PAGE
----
[quote name='krez' timestamp='1298007644' post='4775720']
But once they get me killed by being stupid in combat I start to lose the will to keep playing.
[/quote]
<rant>
That happened to me when I played Final Fantasy Tactics on the PS1. Delita (a NPC) NEVER helped in battles NEVER and the worst was that he used one valuable character spot so I always played with one less character in the first parts o the game....I always ignored him and left on his own (always ended being killed in the first turns...) and I ended hating him the entire game!
</rant>
So what I mean is...poor AI in your allies can really ruin the game experience for the player.

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@krez, you should have voted "others".

it's true, characters doing their own thing outside battle but under control in battle so they don't suicide or kill me (I played Fallout too).

As for their personalities, if you make'em to have strong ones the player probably won't like some, so recruit/kicking out is a must.

A "ecosystem" of character inside the party is something I would like to see.

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[quote name='klefebz' timestamp='1298424515' post='4777786']
@krez, you should have voted "others".[/quote]
Yeah, I jumped the gun on clicking...

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I've voted Others for the simple reason that it depends on the experience you want to provide to the player and the type of RPG. AI is not something that should be at the core of the game design, but something that is tailored to make the game fun for the player.

With more party members, having AI controlled units becomes important to speed up gameplay, but with few members, the player should control them all or he will not feel involved. Another aspect is required higher-level thinking. If the tactical depth stops at casting Fire on a Fire-weak monster, I want the AI to take care of it. If I need to setup a skill combo between characters to win the battle, AI should stay out of it because they have trouble with this stuff and will not be able to read my mind.

For character progression, this depends on the number of characters in the party. More than 6~8 becomes a chore. There will be a few characters you rarely use or don't care about, but will feel obligated to make them progress. This leads to copy/paste builds where you just copy whatever you did to some similar character even though the character could use other interesting options.

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Thanks for the responses, everyone!

I'll expand a little bit on my idea for my game. I'm planning on having somewhere in the neighborhood of 30 recruitable characters who will be guaranteed to feature in the game story in some way, plus another 10 or so which may or may not be involved in the story. As the player moves through the game, they may meet these characters and can help them or oppose them in their endeavors. If a character's goals (marked by pre-set flags) match up with the player's, or if the character likes the player enough, they may join the player.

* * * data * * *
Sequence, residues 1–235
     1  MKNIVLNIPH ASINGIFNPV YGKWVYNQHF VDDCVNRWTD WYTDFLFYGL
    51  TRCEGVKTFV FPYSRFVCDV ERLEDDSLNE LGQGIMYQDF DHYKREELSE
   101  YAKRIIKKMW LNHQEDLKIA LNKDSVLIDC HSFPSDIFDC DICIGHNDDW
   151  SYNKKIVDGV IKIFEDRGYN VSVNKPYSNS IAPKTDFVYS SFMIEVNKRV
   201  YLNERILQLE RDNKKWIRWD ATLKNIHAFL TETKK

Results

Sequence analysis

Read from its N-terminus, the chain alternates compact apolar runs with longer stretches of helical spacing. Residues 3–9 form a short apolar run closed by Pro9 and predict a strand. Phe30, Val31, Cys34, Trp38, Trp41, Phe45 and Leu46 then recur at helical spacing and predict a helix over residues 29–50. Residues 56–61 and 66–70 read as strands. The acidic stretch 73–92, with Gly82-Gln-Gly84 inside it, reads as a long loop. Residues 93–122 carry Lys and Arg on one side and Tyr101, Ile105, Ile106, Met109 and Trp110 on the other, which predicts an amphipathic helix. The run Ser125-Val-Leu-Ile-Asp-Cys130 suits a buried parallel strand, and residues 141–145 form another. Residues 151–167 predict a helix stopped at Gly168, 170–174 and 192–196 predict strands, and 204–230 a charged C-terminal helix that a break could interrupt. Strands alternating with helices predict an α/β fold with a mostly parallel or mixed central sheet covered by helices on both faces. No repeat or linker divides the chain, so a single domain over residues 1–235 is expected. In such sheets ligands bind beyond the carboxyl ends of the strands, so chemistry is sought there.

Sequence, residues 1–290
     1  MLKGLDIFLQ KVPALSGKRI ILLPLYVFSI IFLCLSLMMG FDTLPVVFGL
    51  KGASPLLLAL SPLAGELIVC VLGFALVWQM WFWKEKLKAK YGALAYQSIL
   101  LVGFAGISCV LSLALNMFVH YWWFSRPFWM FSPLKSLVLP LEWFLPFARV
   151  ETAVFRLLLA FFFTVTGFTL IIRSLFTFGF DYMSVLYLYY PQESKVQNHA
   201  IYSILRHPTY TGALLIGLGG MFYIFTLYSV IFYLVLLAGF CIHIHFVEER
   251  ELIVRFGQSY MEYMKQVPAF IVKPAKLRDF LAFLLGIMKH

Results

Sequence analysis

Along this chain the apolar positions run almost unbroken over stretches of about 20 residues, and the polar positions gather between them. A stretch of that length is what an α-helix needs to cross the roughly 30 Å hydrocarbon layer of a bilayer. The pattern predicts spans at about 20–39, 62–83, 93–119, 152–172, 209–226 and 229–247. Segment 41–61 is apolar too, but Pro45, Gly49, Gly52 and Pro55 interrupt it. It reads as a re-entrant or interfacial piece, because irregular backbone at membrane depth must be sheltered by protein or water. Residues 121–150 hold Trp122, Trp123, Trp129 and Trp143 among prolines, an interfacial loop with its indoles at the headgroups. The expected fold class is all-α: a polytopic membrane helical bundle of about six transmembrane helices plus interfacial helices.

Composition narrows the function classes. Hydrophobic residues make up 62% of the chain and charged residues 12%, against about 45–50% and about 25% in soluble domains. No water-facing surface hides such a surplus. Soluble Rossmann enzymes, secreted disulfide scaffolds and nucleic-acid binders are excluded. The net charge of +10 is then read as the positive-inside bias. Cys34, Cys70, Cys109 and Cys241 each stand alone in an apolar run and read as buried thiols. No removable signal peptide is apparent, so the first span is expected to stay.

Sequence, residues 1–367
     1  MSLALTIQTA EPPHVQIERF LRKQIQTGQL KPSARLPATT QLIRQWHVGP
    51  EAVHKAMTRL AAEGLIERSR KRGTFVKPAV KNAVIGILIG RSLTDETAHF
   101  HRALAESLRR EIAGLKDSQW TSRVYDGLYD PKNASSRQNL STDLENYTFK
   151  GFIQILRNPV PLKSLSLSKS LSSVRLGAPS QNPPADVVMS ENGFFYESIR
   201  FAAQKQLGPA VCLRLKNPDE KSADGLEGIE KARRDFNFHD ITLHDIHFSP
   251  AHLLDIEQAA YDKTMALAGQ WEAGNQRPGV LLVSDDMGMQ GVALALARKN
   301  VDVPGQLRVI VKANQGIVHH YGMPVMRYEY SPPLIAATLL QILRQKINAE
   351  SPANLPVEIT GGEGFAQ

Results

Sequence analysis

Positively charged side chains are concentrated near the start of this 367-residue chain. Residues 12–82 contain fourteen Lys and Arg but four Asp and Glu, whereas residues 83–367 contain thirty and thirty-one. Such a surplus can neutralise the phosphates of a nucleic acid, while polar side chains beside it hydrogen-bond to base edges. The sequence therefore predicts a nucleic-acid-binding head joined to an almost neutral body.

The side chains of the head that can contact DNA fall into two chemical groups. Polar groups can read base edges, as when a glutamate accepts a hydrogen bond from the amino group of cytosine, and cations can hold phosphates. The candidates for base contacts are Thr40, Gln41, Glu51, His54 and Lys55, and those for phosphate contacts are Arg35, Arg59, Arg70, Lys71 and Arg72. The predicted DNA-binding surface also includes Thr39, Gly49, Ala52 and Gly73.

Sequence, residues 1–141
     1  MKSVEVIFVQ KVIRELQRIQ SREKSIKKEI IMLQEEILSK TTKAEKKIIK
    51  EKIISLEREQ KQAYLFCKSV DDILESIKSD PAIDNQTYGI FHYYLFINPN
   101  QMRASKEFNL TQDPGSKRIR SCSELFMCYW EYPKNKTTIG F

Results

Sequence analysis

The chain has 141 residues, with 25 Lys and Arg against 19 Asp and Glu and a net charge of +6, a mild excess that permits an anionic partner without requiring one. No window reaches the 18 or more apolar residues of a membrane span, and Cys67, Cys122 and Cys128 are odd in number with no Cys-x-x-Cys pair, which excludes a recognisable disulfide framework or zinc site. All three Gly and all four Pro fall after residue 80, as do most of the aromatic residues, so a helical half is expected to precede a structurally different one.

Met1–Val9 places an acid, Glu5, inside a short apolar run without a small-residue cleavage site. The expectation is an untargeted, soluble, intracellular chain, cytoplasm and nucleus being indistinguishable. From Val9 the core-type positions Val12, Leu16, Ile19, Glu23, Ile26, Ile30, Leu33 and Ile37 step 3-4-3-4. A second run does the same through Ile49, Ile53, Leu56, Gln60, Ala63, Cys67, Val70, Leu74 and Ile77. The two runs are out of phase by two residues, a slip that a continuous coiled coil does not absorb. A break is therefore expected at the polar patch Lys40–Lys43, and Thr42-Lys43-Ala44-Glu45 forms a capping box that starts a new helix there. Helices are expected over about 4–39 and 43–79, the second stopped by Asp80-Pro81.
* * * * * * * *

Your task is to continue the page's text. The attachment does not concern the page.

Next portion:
A character can be in the player's active party (currently set at 4 characters, including the player, as I'm envisioning an expanded SNES-RPG style battle system. I might end up switching to a tactical RPG system though, in which case I would add more character slots). For those not in the active party, but still "on the team" of the player, they can be sent as agents to affect story events without the player needing to be directly involved in everything that happens in the game world. A character not assigned a task like this will pursue its own goals, but be able to be assigned a task or placed in the active party.

My goal in structuring the game like this is to make characters more rounded rather than puppets for the player avatar. I don't want them hanging out in limbo when not in the active party, doing nothing until explicitly called but still tagging along with the active party, nor do I want them to suddenly abandon their objectives without complaint just because the player focuses on something else. But this adds the problem of how to develop a character when that character is not under the direct supervision of the player? My thought is that these characters will develop automatically when not in the active party, following their default job class without intervention. But if the player assigns them a new job class while in the active party, perhaps they will draw on the skills of both jobs. This got me thinking about how much NPC behavior to simulate, hence this thread.